The good news is – based on data compiled from almost six million customer quotes per quarter – while average premiums are up by £60 compared to a year ago, prices for a comprehensive car insurance policy actually went down by an average of 1.3% in the last quarter of 2017. This is the biggest quarterly decrease in premiums observed in more than three years, according to the index.
“This is also the second consecutive quarterly drop in prices, bucking the recent strong upward trend which saw the average premium rise from £579 in June 2014 to the price peak of £847 in June 2017,” it was explained in the press release, which noted that the latest reduction means that the average comprehensive premium is now £11 lower (at £827 annually) than in September last year.
Willis Towers Watson said the reduced prices are a continued reflection of insurers’ reactions to the announcement in 2017 about revising how the Ogden, or personal injury discount, rate is calculated. However, the brokerage giant also warned of further ‘trouble’.
“While the second quarterly drop and annual deceleration in premiums will be positive news for drivers, the marginal price increases seen at the end of the year suggest a level of uncertainty and volatility will continue to trouble the market into 2018, particularly concerning the impact of ongoing developments relating to Ogden,” commented Stephen Jones, UK head of P&C pricing, claims, product, and underwriting.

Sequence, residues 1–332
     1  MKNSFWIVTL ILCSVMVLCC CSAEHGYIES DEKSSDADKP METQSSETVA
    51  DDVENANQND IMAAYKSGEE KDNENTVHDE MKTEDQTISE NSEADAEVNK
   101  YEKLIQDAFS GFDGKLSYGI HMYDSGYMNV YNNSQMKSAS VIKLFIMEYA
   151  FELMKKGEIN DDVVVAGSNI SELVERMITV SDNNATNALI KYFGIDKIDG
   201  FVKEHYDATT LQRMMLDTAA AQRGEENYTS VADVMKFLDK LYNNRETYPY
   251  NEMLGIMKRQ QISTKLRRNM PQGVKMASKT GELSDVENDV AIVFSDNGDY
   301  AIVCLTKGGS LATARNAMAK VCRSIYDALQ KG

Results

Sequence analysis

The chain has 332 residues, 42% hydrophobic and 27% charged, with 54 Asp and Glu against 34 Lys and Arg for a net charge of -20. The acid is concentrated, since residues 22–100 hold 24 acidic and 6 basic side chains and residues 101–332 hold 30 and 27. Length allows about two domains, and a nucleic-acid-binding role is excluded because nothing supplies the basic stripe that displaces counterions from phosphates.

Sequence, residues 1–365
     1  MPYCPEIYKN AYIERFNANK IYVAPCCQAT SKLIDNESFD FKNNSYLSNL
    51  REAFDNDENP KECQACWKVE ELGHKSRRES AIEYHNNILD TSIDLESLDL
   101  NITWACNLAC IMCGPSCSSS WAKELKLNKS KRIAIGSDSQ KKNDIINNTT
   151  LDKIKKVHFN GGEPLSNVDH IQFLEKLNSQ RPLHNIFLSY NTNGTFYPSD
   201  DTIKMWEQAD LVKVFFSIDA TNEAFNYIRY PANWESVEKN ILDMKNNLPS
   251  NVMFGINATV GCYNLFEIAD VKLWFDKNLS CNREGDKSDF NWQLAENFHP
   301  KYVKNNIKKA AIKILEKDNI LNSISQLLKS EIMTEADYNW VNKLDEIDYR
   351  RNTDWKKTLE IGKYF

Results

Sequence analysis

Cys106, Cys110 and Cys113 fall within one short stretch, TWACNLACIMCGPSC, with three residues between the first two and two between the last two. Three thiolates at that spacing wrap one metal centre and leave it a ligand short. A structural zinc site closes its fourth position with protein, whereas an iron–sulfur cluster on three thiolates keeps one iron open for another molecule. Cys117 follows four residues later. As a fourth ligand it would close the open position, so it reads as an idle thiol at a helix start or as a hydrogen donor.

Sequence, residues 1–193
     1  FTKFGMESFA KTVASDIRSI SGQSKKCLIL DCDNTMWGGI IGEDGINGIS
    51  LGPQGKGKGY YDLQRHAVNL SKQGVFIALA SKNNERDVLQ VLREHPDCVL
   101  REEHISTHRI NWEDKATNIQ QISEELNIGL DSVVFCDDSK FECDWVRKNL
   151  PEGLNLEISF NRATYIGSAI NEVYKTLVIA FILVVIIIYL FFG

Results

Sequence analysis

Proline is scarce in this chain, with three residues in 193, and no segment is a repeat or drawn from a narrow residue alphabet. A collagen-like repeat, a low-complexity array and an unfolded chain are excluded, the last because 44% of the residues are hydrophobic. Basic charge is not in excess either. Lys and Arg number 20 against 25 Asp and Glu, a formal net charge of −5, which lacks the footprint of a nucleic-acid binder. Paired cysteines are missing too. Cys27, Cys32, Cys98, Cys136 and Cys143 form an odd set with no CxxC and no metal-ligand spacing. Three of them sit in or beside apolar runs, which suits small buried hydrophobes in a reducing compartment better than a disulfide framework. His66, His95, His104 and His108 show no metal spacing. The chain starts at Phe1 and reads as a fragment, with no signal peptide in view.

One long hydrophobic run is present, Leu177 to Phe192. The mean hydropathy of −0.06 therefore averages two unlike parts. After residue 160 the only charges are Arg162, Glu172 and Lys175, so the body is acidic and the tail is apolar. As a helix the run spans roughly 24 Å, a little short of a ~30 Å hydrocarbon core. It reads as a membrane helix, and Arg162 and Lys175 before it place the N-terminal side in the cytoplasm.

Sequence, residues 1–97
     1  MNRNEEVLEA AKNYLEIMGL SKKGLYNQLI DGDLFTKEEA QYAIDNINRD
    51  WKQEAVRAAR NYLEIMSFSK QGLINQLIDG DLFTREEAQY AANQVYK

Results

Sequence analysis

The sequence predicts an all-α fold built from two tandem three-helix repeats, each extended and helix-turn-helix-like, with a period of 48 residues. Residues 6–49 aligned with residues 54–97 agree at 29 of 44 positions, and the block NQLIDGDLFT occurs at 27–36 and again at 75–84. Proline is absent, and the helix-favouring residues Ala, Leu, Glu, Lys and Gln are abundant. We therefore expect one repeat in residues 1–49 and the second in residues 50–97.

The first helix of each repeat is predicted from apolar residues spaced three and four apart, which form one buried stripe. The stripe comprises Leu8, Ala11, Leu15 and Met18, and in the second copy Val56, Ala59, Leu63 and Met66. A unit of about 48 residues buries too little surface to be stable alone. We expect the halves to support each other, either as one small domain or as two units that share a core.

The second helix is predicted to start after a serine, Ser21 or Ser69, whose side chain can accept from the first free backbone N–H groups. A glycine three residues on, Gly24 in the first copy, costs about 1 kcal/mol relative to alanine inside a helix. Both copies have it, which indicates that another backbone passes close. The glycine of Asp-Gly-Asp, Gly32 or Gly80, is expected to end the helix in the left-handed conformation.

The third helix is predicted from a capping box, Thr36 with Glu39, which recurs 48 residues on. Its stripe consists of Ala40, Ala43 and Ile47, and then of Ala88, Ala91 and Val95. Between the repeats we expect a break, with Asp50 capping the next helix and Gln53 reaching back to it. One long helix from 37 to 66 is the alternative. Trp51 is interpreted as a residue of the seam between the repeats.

Meanwhile Confused.com chief executive Louise O’Shea said they expect average comprehensive premiums to exceed £900 by the end of the year, based on the current 8% year-on-year increase.
“Despite the quarterly drop we have already seen volatile pricing, with the latest figures showing a 0.4% increase in December,” noted O’Shea. “We also anticipate a reinsurance rate increase following last year’s Ogden rate drop, which will further impact the direction of prices.”
Jones added: “After a tough year for insurers in 2016, motor insurers saw an uplift in prospects following last year’s proposed Ogden rate revision. However, insurers still face a number of uncertainties in 2018, including the risk that Brexit negotiations will push the Civil Liability Bill into the slow lane, which may also impact the timing of changes to the discount rate.”
Other factors at play are the Insurance Premium Tax and ongoing pressures on repair costs.